Van Gogh was a restless soul and moved around quite a bit. He also spent a lot of time painting outdoors, especially in his later years. As someone who famously struggled with mood swings, we thought location, and more importantly, weather patterns may have impacted his use of color.
To test this, we created composite images averaging every painting Van Gogh created from each of the major locations he worked from and compared them to weather patterns from those regions. We think the results are quite remarkable.
Using data and technology like this is a fascinating way to learn more about works of art and the hidden narratives behind them.
Here’s a interesting idea, a film of reconstructed memories.
“No Blue Without Yellow” by artist Maciek Janicki
San Francisco-based artist and animator Maciek Janicki takes us into the world of Vincent van Gogh with his latest short film. Created in partnership with the Van Gogh Museum in Amsterdam, “No Blue Without Yellow” offers an immersive 3D tour, constructed using sampled paintings from consequential times in the renowned artist’s life.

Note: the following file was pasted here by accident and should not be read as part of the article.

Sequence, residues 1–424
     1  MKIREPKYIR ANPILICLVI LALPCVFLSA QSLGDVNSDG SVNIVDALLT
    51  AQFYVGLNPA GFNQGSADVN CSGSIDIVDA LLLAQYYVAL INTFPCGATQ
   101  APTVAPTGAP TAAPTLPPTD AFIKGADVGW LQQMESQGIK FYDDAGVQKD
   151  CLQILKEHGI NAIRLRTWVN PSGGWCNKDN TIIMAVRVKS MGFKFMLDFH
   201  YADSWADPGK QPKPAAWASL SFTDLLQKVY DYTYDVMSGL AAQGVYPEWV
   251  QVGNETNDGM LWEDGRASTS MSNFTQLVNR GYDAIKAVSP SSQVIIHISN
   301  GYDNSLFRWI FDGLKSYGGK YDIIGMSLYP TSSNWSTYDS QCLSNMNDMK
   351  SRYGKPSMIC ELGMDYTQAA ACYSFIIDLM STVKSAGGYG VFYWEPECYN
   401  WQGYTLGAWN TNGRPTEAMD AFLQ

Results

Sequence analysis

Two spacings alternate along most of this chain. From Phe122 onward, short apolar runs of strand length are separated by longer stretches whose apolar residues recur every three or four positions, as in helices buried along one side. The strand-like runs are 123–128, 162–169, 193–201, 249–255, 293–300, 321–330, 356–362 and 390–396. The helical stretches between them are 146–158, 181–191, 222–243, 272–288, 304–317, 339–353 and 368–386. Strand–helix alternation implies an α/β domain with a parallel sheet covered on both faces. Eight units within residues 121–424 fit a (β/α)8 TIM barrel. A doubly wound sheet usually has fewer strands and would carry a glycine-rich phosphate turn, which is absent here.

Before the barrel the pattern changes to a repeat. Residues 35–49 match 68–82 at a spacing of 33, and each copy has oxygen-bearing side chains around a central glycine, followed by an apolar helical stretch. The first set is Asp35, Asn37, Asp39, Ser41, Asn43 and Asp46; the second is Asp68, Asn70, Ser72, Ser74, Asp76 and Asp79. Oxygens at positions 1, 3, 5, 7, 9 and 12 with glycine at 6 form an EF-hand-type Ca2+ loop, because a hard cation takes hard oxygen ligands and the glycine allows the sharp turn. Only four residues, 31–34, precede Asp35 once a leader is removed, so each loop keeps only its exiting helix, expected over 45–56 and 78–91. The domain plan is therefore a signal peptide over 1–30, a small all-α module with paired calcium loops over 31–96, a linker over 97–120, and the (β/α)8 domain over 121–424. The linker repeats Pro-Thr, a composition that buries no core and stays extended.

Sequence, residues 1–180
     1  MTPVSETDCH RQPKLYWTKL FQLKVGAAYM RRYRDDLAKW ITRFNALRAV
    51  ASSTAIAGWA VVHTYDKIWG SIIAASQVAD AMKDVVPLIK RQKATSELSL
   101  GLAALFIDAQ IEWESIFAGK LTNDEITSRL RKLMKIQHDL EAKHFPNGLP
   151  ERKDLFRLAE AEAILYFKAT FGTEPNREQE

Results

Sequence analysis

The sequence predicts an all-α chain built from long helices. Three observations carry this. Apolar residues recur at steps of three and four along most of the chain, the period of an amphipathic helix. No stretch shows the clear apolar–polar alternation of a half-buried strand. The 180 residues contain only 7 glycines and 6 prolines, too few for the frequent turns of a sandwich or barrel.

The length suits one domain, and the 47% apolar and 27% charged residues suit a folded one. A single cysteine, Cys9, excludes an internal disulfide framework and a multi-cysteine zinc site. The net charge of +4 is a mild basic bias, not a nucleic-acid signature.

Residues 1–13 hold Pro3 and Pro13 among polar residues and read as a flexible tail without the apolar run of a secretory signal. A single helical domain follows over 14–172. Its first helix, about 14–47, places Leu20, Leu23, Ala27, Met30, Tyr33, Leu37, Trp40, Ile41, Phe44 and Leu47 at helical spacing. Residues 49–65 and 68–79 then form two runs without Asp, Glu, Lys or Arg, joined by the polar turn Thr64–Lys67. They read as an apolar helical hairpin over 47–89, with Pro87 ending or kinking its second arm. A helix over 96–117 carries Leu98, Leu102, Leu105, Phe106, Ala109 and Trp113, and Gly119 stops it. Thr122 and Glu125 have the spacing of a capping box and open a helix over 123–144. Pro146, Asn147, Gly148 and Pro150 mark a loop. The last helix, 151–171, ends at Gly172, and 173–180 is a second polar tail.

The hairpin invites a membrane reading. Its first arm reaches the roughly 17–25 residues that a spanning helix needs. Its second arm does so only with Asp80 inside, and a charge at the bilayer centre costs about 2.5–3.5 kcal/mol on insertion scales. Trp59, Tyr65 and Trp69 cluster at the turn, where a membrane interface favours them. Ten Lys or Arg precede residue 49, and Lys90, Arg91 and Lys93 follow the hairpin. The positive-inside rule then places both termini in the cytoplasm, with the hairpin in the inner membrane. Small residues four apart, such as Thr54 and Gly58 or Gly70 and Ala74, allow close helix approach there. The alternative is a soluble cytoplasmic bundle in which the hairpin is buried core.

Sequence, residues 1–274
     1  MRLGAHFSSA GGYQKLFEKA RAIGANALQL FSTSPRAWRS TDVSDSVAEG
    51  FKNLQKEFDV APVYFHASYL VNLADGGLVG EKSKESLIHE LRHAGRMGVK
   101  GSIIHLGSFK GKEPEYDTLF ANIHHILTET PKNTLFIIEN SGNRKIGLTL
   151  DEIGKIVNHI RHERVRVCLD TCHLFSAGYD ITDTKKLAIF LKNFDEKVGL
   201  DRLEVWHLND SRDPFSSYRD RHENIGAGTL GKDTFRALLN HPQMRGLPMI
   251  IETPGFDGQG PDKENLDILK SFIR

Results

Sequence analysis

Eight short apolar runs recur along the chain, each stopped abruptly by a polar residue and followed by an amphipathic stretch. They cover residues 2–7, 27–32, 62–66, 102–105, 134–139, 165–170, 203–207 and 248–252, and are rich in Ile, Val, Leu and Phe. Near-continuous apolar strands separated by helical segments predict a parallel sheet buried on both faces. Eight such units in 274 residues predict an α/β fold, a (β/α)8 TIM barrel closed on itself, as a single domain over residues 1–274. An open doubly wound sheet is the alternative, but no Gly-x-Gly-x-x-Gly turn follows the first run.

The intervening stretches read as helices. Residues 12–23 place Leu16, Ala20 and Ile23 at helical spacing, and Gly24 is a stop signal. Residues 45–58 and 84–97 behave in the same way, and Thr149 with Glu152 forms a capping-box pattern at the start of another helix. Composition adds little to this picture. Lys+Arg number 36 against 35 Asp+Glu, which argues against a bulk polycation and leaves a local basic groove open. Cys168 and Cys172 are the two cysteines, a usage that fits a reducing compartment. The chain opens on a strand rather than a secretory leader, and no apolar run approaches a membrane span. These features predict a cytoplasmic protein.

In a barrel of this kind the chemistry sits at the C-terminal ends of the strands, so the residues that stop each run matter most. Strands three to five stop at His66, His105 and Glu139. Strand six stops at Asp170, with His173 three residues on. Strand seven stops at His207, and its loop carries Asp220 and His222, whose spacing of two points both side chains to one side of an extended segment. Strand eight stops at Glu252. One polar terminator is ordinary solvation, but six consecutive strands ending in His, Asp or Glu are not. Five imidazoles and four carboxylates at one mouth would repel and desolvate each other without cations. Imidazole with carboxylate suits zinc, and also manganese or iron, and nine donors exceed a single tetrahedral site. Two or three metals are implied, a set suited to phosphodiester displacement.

No Blue Without Yellow
It’s very atmospheric, wandering around Van Gogh’s landscapes like that. It reminded me of this other attempt to bring his paintings to life, from Serena Malyon.
And here’s another film from Maciek Janicki, Paper City.
Loving Vincent – Bringing the paintings of Van Gogh to life
“What is truly groundbreaking about “Loving Vincent” is that every frame of the film is an oil painting on canvas, using the very same technique in which Vincent himself painted. And what makes it a great story to experience is the intriguing, tragic, and inspiring story of Vincent Van Gogh himself.”
I’ve never really been tempted by anything on Kickstarter before, but this concept for ‘the first feature-length painted animnation’ on the people and events of Van Gogh’s life, based on his own letters and told through his own paintings, certainly has me intrigued. (Via)
Serena Malyon tilt-shifts some of Van Gogh’s classics.
Van Gogh’s paintings get tilt-shifted
Serena Malyon, has taken the classics works of Vincent Van Gogh and added a tilt-shifting…